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Kiwis help even in tough times

Kiwis help even in tough times

Kiwis are known as a generous lot – but what happens when economic conditions get tough? New Zealand charity Orphans Aid International has found that despite the recession, Kiwis still love to help those in need.

Founder Sue van Schreven says the key has been using fundraising tools that help out both the locals and Orphans Aid International’s beneficiaries.

“Our fundraising stores – four op shops around the country - have been such a success,” she says. “They save the locals money all while raising much needed funds for children who have no one else.”

Orphans Aid International’s op shops have enjoyed great community support in Dunedin and Invercargill. A new op shop in Hastings and in central Tauranga are the latest additions to the charity’s growing network of fundraising stores!

Mrs van Schreven says more op shops around the country are on the horizon. “There has been so much support for our new shops in Tauranga and Hastings, and we often have people asking when there will be a shop in their area, we have our eyes currently on two new areas”

Staffed by amazing and generous Kiwi volunteers, these shops have a strong tradition of helping the communities they are based in, through food hampers, raising funds for local causes, and setting low prices to help those struggling through the recession.

Every dollar raised is quickly put to work. Each month Orphans Aid International sends more than $20,000 to its projects in Romania, Russia, and India. Funds are used to provide shelter, food, medical treatment and carers for orphaned children.

Getting that money together is often a challenge though, says Mrs van Schreven. “We have a small group of committed sponsors and our shops are very successful, but the needs are great. Often we have more money being sent to our projects than what we’ve had coming in, the shops allow us to respond to needs and continue to grow as an organisation. I also love the fact we're clean and green and helping the environment as well by selling recycled clothing that may have otherwise been discarded.”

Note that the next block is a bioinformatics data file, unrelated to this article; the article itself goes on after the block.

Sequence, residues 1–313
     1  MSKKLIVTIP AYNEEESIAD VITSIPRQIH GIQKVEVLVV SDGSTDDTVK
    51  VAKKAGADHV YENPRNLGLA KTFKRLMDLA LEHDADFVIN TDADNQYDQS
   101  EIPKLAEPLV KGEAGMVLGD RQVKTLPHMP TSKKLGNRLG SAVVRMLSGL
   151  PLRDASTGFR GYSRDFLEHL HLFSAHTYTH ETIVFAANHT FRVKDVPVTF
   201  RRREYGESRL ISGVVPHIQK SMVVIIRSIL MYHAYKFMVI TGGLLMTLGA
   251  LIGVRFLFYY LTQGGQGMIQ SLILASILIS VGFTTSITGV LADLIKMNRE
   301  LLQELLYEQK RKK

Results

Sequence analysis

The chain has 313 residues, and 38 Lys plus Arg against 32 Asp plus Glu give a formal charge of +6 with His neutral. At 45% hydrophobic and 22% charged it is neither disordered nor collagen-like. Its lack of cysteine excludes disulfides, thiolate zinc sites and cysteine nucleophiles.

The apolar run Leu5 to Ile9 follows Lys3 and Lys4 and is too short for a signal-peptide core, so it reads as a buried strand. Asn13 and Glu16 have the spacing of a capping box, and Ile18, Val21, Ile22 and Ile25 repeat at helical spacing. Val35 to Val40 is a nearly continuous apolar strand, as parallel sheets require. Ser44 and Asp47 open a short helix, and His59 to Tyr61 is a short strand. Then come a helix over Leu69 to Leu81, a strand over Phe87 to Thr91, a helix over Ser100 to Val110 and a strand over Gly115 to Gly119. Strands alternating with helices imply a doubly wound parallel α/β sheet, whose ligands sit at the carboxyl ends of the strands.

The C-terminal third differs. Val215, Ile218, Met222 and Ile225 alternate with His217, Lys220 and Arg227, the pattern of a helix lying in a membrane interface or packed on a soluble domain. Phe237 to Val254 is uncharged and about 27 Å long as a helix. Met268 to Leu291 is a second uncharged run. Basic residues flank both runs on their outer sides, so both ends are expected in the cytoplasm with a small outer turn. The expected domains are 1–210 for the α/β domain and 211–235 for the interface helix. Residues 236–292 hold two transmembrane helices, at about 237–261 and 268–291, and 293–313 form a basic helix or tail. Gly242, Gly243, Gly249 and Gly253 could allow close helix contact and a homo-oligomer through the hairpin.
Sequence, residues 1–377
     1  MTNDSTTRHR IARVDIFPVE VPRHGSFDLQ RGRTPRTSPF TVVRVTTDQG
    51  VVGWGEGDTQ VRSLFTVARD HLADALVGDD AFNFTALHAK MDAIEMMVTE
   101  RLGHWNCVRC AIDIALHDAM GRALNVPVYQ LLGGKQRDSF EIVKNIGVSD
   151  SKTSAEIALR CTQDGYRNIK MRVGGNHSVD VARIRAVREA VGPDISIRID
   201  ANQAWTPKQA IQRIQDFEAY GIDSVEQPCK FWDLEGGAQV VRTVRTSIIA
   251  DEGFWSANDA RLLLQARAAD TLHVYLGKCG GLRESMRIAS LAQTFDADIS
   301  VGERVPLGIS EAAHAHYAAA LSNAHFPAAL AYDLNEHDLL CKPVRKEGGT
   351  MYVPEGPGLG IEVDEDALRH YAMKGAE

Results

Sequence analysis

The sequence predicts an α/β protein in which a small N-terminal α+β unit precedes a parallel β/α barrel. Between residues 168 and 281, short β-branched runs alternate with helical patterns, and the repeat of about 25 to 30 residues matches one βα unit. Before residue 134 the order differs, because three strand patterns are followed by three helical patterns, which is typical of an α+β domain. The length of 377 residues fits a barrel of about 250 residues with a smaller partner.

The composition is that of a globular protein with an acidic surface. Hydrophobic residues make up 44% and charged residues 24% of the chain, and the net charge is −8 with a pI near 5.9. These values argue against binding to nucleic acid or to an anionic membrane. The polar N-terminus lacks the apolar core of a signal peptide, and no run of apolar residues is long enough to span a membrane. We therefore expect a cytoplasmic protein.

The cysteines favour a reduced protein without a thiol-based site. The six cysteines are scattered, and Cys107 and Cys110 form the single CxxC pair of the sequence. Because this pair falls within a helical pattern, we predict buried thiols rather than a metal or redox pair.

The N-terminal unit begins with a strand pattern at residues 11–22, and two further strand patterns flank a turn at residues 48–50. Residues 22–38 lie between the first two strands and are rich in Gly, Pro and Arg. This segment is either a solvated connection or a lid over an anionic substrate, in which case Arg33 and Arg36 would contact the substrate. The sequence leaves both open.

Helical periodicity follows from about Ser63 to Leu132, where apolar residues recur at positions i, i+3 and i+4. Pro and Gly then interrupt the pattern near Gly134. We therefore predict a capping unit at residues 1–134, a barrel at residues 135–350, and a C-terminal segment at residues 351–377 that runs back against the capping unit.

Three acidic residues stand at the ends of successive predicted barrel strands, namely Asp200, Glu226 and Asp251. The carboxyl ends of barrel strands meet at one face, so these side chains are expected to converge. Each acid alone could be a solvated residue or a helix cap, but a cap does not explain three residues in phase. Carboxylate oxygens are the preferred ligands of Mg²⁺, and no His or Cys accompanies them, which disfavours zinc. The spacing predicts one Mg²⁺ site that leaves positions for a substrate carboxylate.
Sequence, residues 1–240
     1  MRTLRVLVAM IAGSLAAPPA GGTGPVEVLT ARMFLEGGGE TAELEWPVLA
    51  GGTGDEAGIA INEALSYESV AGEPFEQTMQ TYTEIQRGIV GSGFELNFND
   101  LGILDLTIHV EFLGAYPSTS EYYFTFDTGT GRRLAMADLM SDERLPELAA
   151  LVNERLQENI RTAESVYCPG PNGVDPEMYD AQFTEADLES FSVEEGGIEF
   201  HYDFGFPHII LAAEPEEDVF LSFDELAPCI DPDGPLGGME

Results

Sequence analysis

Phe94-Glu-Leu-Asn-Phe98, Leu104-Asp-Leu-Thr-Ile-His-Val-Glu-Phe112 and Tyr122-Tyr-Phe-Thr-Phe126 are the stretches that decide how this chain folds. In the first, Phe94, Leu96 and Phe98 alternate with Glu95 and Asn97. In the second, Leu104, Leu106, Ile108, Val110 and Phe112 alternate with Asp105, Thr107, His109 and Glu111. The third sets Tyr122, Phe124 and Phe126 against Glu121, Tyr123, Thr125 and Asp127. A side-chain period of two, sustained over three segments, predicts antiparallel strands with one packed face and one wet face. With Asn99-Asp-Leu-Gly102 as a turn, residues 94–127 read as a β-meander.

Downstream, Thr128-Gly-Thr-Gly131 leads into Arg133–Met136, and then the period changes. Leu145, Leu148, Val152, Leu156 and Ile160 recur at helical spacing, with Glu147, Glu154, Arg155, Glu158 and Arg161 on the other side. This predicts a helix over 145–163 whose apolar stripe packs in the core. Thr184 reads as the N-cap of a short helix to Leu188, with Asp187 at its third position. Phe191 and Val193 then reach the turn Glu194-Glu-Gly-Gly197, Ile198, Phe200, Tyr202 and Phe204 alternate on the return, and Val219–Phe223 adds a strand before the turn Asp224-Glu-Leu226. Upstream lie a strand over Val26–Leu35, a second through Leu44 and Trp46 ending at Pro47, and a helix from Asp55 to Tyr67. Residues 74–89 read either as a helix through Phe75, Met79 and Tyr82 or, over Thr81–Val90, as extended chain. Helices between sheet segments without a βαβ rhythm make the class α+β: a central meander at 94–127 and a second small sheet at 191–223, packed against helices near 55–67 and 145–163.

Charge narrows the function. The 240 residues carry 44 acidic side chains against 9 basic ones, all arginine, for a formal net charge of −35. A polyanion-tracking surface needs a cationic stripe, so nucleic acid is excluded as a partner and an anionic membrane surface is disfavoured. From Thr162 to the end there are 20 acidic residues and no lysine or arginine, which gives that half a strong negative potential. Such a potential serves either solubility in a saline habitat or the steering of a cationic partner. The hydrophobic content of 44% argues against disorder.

Mrs van Schreven started Orphans Aid International in 2004, after she visited Romania and saw for herself the conditions orphaned children were growing up in. Going around the hospitals and seeing children abandoned in cots, without human interaction and love, she knew she had to act.

The first project established was a rescue home in Turges Mures, Romania. Centres for street kids in Russia and India came next. Now the charity is looking to expand into AIDS-stricken Uganda.

“There are more than 150 million children right now living without parental care,” Mrs van Schreven says. “I asked myself, what wouldn’t I do, if these were my children?”

With Christmas looming Orphans Aid International would like to invite those looking for budget priced gifts that give back to the community to visit a shop near them. They also would like to take the opportunity to thank people in the Bay of Plenty, Hawkes Bay, Southland and Otago areas for their fantastic support this past year.

Visit www.orphansaidinternational.org for information.

ENDS

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